Published on Reuters India, by Nopporn Wong-Anan, Nov. 7, 2008. (Additional reporting by Ed Cropley).
BANGKOK (Reuters) – The arrest of a renowned academic on charges of insulting Thailand’s king in a lecture a year ago is a blow to freedom of speech and makes debate of the country’s political problems more difficult, analysts said on Friday.
Sulak Sivaraksa, 75, was taken from his Bangkok home late on Thursday and driven 450 km (280 miles) to a police station in northeast Khon Kaen province to be charged with lese majeste for a university speech he gave there in December, his lawyer said.
His comments were broadly critical of government spending on the lavish 2006 celebrations for King Bhumibol Adulyadej’s Golden Jubilee. After an hour of questioning, he was freed on bail and allowed to return to Bangkok, his lawyer told Reuters.
The Welsh-educated scholar of Buddhism is no stranger to the lese majeste law, which could land him in jail for 15 years, although on the two previous occasions he has been charged, in the 1980s and 1990s, he was acquitted …
… Police have set up a task force to monitor web sites that might defame royalty, and the Telecommunications Ministry has told Internet service providers to block offending web pages or face criminal action.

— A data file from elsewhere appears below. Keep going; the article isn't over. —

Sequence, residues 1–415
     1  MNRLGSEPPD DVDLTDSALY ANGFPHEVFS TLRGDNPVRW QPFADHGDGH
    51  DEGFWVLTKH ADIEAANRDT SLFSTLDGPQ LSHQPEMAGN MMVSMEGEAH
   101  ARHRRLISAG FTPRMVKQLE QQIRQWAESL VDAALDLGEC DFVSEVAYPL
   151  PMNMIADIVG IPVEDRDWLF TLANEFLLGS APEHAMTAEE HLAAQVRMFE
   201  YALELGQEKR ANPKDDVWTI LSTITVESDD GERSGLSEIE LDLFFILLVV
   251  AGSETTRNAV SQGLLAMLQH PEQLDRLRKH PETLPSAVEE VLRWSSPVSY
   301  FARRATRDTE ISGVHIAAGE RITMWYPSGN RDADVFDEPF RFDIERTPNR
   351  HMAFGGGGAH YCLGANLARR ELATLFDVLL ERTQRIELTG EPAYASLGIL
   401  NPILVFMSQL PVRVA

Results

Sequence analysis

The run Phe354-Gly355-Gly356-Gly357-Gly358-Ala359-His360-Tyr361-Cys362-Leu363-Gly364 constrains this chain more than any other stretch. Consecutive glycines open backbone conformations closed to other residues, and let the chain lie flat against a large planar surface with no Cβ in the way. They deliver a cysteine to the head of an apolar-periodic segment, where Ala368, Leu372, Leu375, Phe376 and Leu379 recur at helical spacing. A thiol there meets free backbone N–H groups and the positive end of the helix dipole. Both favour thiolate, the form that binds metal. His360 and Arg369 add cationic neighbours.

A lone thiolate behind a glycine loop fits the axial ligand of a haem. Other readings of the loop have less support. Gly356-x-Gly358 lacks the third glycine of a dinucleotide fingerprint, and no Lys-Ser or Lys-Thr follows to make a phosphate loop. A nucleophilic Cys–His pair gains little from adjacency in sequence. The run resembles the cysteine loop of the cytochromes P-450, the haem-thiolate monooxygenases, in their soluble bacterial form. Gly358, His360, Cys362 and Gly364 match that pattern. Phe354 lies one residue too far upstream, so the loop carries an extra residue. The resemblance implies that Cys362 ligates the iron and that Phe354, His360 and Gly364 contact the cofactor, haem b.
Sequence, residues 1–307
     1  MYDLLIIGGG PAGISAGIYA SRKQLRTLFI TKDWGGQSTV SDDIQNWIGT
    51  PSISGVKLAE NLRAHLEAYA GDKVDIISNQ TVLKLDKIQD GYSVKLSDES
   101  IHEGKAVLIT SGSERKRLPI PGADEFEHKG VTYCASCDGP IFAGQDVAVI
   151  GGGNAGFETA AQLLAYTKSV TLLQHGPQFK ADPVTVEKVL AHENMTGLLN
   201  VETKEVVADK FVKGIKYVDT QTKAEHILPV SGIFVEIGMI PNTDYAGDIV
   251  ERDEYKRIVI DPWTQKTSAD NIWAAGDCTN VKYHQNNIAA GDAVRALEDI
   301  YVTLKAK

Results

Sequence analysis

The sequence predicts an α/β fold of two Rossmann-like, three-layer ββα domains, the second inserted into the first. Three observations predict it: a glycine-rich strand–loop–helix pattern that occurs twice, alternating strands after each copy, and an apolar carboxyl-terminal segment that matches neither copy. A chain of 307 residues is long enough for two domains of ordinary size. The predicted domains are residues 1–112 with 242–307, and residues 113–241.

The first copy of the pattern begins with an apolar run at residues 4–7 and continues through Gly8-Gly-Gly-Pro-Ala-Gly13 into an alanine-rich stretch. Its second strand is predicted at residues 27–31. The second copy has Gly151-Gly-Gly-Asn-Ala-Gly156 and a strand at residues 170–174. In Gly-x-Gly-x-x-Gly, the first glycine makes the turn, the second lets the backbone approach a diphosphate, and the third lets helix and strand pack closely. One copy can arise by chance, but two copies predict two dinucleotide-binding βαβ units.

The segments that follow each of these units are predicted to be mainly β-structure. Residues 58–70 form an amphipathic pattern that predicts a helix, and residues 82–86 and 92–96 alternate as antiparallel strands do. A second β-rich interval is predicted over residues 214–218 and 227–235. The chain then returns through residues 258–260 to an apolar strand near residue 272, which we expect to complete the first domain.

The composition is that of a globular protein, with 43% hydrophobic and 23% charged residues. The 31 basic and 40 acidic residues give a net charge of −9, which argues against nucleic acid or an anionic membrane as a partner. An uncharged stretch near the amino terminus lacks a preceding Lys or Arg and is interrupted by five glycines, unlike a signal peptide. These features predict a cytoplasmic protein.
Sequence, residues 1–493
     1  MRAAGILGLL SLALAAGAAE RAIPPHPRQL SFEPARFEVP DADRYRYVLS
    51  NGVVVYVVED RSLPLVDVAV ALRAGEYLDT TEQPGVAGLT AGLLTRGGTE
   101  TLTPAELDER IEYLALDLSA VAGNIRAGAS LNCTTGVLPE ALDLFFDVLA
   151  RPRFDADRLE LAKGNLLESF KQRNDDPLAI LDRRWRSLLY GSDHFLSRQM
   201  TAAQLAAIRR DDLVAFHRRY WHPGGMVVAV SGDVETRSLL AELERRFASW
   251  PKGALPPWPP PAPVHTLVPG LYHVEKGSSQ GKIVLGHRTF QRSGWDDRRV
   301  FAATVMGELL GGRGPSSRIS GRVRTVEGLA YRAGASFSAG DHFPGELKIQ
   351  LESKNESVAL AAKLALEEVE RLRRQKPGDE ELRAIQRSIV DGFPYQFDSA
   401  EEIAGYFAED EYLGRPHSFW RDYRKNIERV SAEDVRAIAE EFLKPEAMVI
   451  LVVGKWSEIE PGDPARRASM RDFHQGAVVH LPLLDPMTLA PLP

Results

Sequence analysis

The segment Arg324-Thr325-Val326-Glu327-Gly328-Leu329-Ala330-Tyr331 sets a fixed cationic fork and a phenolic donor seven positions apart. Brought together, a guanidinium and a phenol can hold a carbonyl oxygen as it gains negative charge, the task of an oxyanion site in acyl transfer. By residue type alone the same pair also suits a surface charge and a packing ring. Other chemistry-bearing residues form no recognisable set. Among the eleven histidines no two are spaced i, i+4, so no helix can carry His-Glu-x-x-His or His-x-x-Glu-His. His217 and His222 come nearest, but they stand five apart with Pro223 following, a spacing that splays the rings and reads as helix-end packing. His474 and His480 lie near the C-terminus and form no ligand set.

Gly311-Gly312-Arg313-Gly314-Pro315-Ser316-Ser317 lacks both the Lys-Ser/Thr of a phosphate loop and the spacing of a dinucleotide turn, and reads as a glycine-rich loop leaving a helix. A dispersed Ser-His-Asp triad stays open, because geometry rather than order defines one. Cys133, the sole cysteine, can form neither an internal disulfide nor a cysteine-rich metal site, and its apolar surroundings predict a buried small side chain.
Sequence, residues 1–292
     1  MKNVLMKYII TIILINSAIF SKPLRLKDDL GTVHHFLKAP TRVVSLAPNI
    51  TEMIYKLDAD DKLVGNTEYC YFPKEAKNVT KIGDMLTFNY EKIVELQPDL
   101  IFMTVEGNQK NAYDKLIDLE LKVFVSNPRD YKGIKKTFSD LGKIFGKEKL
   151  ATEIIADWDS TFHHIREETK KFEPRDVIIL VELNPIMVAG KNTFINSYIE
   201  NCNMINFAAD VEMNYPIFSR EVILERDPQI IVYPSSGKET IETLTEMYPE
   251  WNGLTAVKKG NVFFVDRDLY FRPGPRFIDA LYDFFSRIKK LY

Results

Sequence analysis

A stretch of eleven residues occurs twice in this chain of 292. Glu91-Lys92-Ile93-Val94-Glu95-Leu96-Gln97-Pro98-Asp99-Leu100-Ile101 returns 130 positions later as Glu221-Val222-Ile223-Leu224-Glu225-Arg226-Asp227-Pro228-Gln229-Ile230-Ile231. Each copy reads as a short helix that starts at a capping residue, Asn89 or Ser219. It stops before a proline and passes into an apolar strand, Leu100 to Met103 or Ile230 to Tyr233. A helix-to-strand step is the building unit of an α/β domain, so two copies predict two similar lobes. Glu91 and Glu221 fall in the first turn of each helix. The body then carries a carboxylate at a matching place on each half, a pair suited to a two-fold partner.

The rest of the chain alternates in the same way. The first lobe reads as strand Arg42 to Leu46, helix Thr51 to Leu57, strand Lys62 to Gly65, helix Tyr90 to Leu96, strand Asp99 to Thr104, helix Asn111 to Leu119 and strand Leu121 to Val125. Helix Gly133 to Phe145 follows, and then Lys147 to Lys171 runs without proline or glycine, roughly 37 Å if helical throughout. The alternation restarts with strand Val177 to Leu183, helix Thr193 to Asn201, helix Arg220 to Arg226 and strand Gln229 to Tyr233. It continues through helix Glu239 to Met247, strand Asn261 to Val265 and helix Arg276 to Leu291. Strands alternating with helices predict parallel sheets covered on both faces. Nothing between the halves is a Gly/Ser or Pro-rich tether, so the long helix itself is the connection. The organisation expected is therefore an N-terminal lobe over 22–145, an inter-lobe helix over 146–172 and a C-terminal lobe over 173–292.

David Streckfuss, a lecturer from the University of Wisconsin at Madison who has studied the law, said he expected the number of lese majeste cases to rise as both the pro- and anti-Thaksin camps try to appear more royalist than their rivals.
The long-term impact on the palace is only likely to be negative, Streckfuss said, as it would make the monarchy “more of a focal point” and “put it under greater scrutiny by the people.”
“Maybe the genie is out of the bottle, and it is impossible to put the genie back,” he said … (full text).
Link: Arrest of Thai academic raises free speech fears – Renowned scholar and social activist Sulak Sivaraksa (Thailand, RLA 1995) has been arrested on charges of lèse majesté … The Right Livelihood Award Foundation has written to the King’s private secretary, asking him to petition His Majesty to protect Sulak Sivaraksa.